Initially, it was terrifying. I worried endlessly, but for some reason he just wouldn’t go away. And as soon as I began to write it felt more and more natural. I listened to his story and I tried to write it down as it sounded to me. I came to like him very much, of course, and I hope that my readers—female and male— will be able to relate to his voice and that they will find it genuine.
Q. Initially, Cecilia is somewhat of cipher; we know she is a lover, perhaps a muse, but we don’t know the details of her life. Adam gradually reveals elements of their time together, but then the novel shifts to Cecilia’s perspective and we learn so much more. Why did you decide it was necessary to let her tell her own story?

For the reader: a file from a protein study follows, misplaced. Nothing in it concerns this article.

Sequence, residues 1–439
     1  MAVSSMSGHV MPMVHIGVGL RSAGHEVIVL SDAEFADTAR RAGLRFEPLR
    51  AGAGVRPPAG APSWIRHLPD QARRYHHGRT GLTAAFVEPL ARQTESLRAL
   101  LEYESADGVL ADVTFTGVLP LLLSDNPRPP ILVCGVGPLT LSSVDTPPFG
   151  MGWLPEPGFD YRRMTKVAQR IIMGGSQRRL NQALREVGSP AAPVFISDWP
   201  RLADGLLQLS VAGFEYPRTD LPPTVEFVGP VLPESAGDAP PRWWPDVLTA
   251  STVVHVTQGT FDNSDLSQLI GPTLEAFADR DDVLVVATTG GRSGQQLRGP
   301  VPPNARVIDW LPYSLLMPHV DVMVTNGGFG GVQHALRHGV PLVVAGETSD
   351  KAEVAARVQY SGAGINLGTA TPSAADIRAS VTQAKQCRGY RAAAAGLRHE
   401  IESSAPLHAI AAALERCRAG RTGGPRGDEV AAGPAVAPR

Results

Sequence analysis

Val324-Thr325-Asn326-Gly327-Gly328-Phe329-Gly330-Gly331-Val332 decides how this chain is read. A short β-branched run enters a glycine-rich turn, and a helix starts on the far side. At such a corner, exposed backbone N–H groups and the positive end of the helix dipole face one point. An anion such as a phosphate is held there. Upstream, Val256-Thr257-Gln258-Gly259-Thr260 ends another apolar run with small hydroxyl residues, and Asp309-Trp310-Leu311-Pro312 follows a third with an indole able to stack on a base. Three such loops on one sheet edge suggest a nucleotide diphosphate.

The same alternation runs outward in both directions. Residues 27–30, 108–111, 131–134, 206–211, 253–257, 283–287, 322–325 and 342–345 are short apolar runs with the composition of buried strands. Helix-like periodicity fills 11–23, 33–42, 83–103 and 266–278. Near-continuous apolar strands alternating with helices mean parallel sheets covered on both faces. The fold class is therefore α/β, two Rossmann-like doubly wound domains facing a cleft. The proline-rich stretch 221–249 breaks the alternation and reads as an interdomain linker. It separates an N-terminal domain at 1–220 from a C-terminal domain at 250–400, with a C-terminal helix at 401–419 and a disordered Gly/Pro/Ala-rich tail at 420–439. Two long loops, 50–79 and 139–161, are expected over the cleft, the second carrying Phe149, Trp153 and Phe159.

I struggled with the technical form for a long time. In the end I felt that she had to be allowed to speak for herself. She is such a private person, an enigma to those who touch her world. Nobody else could possibly tell her story. When I had a first reaction from a (male) reader I was absolutely thrilled, and very relieved, to hear him say that Cecilia’s part of the book moved him the most.
Q. Your descriptions of the various locations in the novel are incredibly evocative. Do cities have particular personalities? Do they inspire specific moods in their visitors or inhabitants? How did you choose your locations for the novel?